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Let’s not forget about urine, which can also indicate something is wrong with your dog. How often he goes, whether he’s straining, the color of the urine, etc., are all things you should be aware of when your dog is doing his bathroom business.
Here’s how to read your dog’s waste so that you can have a better understanding of what’s going on with, or rather inside of, your dog.
What are the Signs that My Dog’s Poop (and Pee) are Normal?
Bess Pierce, DVM, associate professor of community practice at the Virginia-Maryland Regional College of Veterinary Medicine in Blacksburg, Va., told petside.com, “A dog’s bowel and urinary habits are outward signs of his health status. It is important to monitor the amount, frequency, color and consistency of your dog’s feces and urine, giving particular attention to changes in normal pattern.”
The tricky part will be determining your dog’s particular potty habit, as each dog is different. However, most dogs do develop potty habits, or potty perks as I like to call them.
As for your dog’s waste, according to petside.com, his pee should be light-to-medium yellow in color, without a strong, offensive odor. Your dog’s feces should be moderately firm to firm, and a shade of brown.
What are Some Signs that My Dog is Having Potty Problems?
Petside.com lists the following symptoms to look out for:
Straining to urinate: A dog who tries but can’t produce much urine may have urinary stones, which can be fatal if left untreated.
Very dark urine: Extremely dark yellow or rust-colored urine may contain blood, which indicates the possibility of a urinary tract infection (UTI).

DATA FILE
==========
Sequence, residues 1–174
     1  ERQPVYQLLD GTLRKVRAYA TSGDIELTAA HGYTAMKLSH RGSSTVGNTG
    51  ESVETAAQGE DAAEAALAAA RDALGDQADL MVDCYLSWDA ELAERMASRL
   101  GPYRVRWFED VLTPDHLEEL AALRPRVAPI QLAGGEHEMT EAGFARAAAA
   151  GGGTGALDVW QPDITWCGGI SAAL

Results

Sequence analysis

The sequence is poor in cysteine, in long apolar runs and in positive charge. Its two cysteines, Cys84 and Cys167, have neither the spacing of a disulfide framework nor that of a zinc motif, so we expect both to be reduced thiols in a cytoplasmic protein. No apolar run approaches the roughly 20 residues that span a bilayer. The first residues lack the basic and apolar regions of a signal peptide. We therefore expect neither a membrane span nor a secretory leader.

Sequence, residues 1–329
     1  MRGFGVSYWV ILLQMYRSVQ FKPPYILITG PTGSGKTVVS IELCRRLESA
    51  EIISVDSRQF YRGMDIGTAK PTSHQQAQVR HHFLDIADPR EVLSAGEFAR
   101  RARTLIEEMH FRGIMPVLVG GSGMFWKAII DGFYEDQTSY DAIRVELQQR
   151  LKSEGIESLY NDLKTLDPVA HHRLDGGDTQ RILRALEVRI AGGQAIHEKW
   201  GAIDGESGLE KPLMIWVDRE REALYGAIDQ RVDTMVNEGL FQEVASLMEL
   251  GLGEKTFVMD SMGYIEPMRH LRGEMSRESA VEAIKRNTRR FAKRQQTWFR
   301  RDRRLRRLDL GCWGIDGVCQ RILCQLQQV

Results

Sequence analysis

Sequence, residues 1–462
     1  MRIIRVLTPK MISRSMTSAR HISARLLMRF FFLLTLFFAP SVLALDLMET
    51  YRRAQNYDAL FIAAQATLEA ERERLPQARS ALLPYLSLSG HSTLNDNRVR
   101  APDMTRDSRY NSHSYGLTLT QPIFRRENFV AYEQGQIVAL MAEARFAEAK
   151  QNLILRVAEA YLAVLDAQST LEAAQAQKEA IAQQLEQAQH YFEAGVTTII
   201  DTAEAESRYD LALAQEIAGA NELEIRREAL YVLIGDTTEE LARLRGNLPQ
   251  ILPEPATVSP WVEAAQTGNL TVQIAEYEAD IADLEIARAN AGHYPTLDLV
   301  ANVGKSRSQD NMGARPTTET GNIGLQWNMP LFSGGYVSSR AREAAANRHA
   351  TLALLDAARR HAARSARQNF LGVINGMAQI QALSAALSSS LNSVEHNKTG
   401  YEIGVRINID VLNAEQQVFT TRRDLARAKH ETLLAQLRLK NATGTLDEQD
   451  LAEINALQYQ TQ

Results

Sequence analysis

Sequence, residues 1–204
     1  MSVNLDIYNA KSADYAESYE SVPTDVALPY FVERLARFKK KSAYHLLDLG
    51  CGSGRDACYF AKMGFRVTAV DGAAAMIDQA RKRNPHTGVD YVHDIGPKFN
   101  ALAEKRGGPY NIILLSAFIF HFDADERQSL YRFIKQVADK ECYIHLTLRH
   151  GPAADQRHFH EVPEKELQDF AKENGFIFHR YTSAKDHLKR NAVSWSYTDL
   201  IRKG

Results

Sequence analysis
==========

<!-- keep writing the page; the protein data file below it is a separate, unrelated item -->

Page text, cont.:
Housetraining lapses: A dog who suddenly starts urinating all over the house needs to see a veterinarian. The problem could be a UTI or, if he’s also drinking a lot of water, it could be a serious condition such as kidney disease, diabetes or Cushing’s disease.
Straining to defecate: If your dog’s been trying to defecate for a day or so, but can’t, he may have a bowel obstruction. Call your veterinarian. If he’s vomiting, call sooner.
Diarrhea: Runny, stinky stools may or may not be serious. Don’t feed your dog for a day or so, but make sure he has plenty of water. After a day, start him on a bland diet, such as a mixture of boiled rice and hamburger. If your dog still has the trots after two days, put in a call to your vet. If he’s vomiting, call sooner. And if he’s a young puppy who vomits more than once an hour over a half-day period, take him to the vet immediately.
Very dark feces: Stool that’s black or very dark brown may signal bleeding in the upper intestinal tract, which can result from many possible problems. A veterinarian’s attention is needed.
Grey feces: Cement-colored stool may mean that a dog is suffering from an obstruction of the bile duct. The obstruction could have one of several causes — but, in any case, necessitates a visit to the vet.
Changes in stool shape: If your dog’s stool is shaped like thin strips, his large intestine or rectum may be narrowed for some reason. On the other hand, very large stools may indicate a problem in the small intestine. Either way, a visit to the vet is in order.
What to Do if You See Changes in Your Dog’s Waste
“Any unusual smell or coloration can indicate any number of conditions, such as tapeworm, urinary infection, the presence of parasites, gastrointestinal obstruction or even be indicative that dog has ingested poison,” according to Dogsymptoms.org. “Frequent vomiting and diarrhea can also indicate gastrointestinal parasites as well as liver disease, cancers and less serious conditions such as gastroenteritis or allergies.”
Both petside.com and dogsymptoms.org agree that the most important and proactive thing you can do if you see sudden changes in your dog’s waste is to take him to the vet.
“Whenever something new or different happens with your dog that causes you and it concern, the most sensible thing to do is seek medical advice as soon as you can,” says dogsymptoms.com.
Find A Vet HOW TO articles are intended for informational purposes only. You should always consult with your veterinarian about any health issues affecting your dog.